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J Invest Surg. 2008 Nov-Dec;21(6):330-9. doi: 10.1080/08941930802438914.

Evaluation of the effects of laparotomy and laparoscopy on the immune system in intra-abdominal sepsis--a review.

Author information

1
Laboratory for Experimental Surgery and Surgical Research N.S Xristeas, University of Athens Medical School, Greece. fkarant@med.uoa.gr

Abstract

This review portrays the most common experimental models of intra-abdominal sepsis. Additionally, it outlines the facts that distinguish laparotomy from laparoscopy, in respect to the immune response, when comparing these two techniques in experimental models of intra-abdominal sepsis. It describes the consequences of pneumoperitoneum and trauma produced by laparoscopy or laparotomy, respectively, on bacterial translocation and immunity. Furthermore, we report the few efforts that have been made in clinical settings, where surgeons have attempted to utilize laparoscopy as a therapeutic module when treating peritonitis or sepsis of abdominal origin. Certainly there is a need for more research in order to fortify the role of pneumoperitoneum in sepsis of abdominal origin. It seems that minimally invasive surgery will inevitably gain acceptance by surgeons, as evidence points that by inflicting less trauma the healing response is expected to be more efficient, especially in septic patients.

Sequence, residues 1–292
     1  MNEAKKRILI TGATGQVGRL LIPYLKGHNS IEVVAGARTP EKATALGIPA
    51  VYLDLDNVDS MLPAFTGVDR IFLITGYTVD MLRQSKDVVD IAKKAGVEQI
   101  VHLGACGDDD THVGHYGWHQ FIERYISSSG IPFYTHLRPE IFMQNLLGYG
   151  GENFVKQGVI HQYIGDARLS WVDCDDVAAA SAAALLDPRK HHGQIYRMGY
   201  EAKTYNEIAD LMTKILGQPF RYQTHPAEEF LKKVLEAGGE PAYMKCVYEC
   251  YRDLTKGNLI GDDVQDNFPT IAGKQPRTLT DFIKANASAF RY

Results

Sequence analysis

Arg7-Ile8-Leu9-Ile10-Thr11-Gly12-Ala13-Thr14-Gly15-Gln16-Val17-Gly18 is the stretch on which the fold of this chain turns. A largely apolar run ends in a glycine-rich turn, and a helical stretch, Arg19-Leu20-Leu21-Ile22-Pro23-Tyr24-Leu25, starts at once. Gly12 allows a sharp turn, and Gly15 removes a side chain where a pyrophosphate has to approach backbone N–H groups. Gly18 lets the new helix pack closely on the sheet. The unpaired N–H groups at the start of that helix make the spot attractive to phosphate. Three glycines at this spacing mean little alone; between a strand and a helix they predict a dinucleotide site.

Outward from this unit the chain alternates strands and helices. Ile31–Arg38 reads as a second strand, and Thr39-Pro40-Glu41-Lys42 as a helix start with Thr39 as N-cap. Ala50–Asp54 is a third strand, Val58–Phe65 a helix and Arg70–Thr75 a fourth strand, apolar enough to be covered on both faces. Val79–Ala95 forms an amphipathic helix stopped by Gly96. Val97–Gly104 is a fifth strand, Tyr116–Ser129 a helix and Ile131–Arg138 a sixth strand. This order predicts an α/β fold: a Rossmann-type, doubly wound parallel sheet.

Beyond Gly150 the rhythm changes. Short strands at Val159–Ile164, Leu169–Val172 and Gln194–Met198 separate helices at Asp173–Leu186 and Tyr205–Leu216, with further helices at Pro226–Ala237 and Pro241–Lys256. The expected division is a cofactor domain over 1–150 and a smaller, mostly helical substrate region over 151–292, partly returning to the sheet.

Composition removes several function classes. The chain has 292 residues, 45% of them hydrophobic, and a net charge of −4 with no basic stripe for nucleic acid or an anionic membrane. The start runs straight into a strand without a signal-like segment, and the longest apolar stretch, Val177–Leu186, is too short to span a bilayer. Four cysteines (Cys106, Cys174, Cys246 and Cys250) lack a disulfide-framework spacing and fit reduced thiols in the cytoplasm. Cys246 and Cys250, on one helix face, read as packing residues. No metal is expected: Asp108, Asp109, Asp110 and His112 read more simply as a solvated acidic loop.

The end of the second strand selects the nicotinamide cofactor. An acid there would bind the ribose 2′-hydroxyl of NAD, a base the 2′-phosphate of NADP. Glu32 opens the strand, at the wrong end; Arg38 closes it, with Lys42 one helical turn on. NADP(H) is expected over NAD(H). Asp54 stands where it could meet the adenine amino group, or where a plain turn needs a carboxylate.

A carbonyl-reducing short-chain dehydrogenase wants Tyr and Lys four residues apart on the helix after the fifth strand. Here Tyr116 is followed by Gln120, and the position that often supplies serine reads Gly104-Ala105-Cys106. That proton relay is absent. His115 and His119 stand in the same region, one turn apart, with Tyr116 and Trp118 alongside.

PMID:
19160143
DOI:
10.1080/08941930802438914
[Indexed for MEDLINE]

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